As young ginger is now in season at the market, it’s time to make pickled ginger, another lovely condiment that improves with time, which will be a welcome addition to the table in summer, although I do know a young girl who enjoys pink pickled ginger straight from the jar. There is always a seasonal herb, vegetable, fruit or fish to dry, pickle or preserve in some way.¬† I’m happily a martyr to the cause, and will be ready for Armageddon, or at least, Armageddon hungry.

Header photo, Pumpkin risotto with crispy sage leaves. Time to use up the remaining stored pumpkins from last Autumn. They are now at peak ripeness.

Thanks Sherry for hosting this monthly series, which can be found at Sherry’s Pickings.

Little Fish Swimming Under Oil. Preserving Fresh Anchovies.

One of the classic ways of conserving seasonal food, especially in rural Italy, is to preserve food in jars ‘sott’ olio’ or under oil. Usually vegetables, such as peppers, artichokes, eggplant and mushrooms, are partially cooked, grilled or brined beforehand, then covered completely in oil. The oil excludes air and acts as a seal against deterioration. The shelf life of these country treasures is shorter than other foods preserved using the bottling or ‘canning’ method, and once opened, they should be stored in the fridge.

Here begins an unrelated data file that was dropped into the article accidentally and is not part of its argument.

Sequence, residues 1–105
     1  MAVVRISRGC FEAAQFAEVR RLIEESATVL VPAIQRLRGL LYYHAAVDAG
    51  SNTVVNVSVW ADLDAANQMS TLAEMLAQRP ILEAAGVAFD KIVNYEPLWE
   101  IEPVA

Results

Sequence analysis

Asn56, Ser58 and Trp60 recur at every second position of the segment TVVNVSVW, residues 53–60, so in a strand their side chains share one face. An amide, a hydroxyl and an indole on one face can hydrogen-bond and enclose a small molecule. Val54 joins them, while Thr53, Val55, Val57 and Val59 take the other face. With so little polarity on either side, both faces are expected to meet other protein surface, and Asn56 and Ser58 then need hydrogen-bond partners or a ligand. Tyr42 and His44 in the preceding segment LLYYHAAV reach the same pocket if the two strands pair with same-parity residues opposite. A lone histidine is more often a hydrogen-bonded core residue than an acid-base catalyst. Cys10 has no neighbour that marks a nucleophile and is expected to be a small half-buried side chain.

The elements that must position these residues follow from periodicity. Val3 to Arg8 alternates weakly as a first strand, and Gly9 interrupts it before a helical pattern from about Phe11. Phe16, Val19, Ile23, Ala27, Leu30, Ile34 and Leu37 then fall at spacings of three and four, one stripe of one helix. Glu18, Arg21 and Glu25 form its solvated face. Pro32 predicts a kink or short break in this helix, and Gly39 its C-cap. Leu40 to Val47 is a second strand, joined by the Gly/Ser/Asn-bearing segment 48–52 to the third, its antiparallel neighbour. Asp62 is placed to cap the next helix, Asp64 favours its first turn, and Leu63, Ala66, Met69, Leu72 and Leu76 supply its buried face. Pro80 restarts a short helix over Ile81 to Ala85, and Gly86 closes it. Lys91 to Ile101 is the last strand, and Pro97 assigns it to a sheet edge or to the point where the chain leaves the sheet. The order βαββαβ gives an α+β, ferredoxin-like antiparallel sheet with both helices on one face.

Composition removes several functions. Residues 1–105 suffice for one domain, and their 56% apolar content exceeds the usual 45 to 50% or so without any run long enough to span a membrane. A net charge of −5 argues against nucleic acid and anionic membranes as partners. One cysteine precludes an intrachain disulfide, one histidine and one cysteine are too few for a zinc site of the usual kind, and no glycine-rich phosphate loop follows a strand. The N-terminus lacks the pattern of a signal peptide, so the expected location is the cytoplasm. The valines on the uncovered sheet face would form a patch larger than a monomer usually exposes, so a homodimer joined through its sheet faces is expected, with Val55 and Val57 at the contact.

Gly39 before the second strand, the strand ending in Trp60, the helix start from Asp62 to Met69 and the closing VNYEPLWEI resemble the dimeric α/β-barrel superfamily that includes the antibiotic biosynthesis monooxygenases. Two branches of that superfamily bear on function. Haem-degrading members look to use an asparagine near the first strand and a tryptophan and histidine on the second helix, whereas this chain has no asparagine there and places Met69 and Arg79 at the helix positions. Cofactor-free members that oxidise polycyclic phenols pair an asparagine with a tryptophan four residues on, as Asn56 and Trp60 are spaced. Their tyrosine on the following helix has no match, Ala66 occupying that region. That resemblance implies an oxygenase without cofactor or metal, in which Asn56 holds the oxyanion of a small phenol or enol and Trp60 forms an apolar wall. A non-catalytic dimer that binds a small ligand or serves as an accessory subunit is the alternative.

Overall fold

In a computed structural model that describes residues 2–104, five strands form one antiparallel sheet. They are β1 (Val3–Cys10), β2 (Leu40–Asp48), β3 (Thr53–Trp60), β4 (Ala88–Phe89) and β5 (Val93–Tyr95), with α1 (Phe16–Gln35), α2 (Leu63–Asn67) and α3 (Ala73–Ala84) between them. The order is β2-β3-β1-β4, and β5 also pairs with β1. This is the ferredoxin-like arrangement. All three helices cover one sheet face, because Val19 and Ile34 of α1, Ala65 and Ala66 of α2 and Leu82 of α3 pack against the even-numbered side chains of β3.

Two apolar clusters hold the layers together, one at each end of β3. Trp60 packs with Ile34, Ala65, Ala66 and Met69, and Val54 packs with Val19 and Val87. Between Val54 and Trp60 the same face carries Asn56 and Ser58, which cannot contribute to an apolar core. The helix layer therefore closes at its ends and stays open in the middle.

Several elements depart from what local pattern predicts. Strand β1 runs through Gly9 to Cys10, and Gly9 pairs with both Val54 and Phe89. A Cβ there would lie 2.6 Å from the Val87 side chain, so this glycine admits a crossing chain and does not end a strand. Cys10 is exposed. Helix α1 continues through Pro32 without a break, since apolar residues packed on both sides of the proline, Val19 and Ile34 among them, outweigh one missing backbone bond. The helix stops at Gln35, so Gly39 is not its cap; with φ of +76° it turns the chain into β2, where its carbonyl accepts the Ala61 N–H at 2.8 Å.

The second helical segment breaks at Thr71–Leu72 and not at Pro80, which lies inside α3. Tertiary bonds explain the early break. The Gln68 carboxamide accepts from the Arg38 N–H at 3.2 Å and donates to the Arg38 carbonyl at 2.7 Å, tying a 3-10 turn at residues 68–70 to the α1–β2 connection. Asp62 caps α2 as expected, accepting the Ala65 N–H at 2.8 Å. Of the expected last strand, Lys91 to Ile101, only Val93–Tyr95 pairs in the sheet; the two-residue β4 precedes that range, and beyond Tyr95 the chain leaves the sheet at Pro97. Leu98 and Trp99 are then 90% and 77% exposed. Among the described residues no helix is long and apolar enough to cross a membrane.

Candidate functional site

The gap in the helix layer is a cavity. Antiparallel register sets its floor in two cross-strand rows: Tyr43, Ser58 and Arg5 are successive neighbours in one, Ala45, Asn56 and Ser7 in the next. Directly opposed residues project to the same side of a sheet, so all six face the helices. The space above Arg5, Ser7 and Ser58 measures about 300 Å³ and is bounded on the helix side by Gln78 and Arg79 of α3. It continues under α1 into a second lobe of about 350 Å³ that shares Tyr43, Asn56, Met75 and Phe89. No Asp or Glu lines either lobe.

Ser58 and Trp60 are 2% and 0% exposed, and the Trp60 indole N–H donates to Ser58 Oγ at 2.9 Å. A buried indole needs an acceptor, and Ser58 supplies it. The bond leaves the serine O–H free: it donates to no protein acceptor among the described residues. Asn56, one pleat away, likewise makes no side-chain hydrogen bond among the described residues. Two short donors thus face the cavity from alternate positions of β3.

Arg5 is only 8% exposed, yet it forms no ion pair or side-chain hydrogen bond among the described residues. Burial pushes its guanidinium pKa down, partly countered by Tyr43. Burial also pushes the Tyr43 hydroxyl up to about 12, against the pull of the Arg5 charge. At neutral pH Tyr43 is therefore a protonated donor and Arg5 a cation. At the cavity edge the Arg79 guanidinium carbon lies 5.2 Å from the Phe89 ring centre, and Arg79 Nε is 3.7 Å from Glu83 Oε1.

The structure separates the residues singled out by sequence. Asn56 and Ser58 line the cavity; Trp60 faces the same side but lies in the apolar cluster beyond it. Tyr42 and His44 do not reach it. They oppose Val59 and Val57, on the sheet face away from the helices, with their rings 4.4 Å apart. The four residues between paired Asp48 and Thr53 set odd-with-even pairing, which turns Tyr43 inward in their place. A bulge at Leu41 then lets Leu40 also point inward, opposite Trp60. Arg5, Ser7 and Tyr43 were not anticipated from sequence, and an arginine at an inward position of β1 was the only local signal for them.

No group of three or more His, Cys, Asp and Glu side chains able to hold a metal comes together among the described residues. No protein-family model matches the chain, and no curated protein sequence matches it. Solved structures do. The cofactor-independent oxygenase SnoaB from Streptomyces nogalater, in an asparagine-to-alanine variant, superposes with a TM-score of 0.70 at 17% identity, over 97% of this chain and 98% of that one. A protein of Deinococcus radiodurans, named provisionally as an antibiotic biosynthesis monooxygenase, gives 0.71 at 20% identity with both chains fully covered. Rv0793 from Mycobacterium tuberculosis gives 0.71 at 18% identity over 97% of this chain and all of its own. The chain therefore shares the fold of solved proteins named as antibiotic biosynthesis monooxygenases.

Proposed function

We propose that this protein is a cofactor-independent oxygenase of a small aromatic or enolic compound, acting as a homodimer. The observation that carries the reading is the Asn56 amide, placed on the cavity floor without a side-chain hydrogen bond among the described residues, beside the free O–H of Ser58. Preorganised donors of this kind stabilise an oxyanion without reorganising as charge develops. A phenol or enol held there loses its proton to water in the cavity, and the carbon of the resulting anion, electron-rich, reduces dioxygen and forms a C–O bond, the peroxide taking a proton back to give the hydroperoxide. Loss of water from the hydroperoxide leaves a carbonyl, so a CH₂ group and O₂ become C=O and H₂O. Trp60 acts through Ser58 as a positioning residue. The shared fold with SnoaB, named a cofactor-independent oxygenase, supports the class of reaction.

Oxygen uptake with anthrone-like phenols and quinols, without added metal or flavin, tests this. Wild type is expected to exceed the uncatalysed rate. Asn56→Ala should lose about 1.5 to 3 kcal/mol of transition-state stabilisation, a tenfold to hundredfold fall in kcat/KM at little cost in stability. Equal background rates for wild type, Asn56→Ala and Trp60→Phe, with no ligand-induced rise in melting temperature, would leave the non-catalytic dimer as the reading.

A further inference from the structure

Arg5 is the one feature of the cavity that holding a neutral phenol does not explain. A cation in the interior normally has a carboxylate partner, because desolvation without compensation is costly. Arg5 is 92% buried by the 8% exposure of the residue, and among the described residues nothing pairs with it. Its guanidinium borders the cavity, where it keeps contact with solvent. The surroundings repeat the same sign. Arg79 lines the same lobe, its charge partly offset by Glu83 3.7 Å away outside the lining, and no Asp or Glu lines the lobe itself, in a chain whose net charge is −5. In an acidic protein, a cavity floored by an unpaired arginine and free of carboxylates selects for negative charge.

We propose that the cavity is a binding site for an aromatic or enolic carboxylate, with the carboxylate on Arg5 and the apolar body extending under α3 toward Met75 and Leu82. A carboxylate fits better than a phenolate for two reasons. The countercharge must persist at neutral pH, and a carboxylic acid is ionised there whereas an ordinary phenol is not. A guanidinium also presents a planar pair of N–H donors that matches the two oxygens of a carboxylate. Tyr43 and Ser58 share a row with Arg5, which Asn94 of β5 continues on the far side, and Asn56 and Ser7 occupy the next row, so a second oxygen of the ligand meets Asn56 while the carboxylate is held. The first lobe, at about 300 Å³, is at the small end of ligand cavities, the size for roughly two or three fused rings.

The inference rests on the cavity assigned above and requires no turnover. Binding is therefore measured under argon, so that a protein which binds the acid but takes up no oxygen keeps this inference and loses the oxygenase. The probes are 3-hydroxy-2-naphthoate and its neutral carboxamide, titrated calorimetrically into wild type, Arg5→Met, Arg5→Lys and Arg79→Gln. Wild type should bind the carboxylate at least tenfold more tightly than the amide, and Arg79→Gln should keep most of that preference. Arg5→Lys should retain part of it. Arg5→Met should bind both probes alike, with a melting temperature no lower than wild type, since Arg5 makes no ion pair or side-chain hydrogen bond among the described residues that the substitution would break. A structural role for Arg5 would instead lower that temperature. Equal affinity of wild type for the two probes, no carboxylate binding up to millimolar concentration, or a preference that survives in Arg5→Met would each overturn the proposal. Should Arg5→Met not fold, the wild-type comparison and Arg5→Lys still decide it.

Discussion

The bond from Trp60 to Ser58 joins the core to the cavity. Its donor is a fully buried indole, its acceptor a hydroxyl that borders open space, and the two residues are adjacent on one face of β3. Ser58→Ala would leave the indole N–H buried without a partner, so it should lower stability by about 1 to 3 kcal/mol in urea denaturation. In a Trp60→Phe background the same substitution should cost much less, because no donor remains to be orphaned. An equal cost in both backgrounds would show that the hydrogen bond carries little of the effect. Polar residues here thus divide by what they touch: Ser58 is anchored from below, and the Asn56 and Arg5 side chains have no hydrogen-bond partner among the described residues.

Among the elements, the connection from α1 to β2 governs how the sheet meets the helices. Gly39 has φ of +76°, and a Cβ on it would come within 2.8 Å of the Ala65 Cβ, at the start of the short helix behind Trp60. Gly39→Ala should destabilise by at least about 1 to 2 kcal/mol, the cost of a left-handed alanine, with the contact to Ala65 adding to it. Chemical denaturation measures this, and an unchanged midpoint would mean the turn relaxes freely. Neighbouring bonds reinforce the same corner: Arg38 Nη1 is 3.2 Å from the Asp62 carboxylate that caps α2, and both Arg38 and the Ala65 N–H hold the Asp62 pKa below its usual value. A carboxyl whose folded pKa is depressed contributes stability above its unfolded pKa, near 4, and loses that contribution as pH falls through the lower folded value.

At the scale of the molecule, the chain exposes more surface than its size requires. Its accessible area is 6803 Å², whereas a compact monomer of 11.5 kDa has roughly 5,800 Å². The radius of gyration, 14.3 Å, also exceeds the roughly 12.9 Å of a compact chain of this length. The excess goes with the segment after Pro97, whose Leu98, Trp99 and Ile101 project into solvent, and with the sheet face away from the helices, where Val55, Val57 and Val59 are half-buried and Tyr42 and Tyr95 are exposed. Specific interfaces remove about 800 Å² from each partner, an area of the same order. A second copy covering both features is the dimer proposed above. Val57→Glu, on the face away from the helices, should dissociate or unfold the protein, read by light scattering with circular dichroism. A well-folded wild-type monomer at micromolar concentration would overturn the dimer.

One of the most enticing treats done in this way is anchovies under oil. I have vivid memories of the first time I tried anchovies conserved in this way. It was February 1993 and I was living in Siena for a month to attend a language course in Italian at the Scuola di Dante Alighieri per Stranieri, a short course wedged between my first and second year Italian studies at university. The course was demanding, with daily classes from 8 am to 1 pm, with a short coffee break in between. This left the afternoon free to explore the countryside or to wander the streets of Siena before returning home for a wine, a snack and more homework. One lunchtime, a fellow student and his wife invited me to lunch- he was, like me, an older student and was studying Italian to enhance his wine writing career. He recommended a little osteria, a simple place, with an appealing array of antipasti dishes displayed at the front counter. And there they were, sitting neatly in a rectangular glass dish, acciughe sott’olio, pink tender fillets of anchovy glistening under golden olive oil, carpeted above in finely chopped parsley. I ordered a large scoop, along with some other bits and pieces and a panino. Anchovies have never been the same for me since that day. When in Italy, I always order a small container of acciughe sott’olio from an alimentari:¬† they taste nothing like the jarred or tinned variety.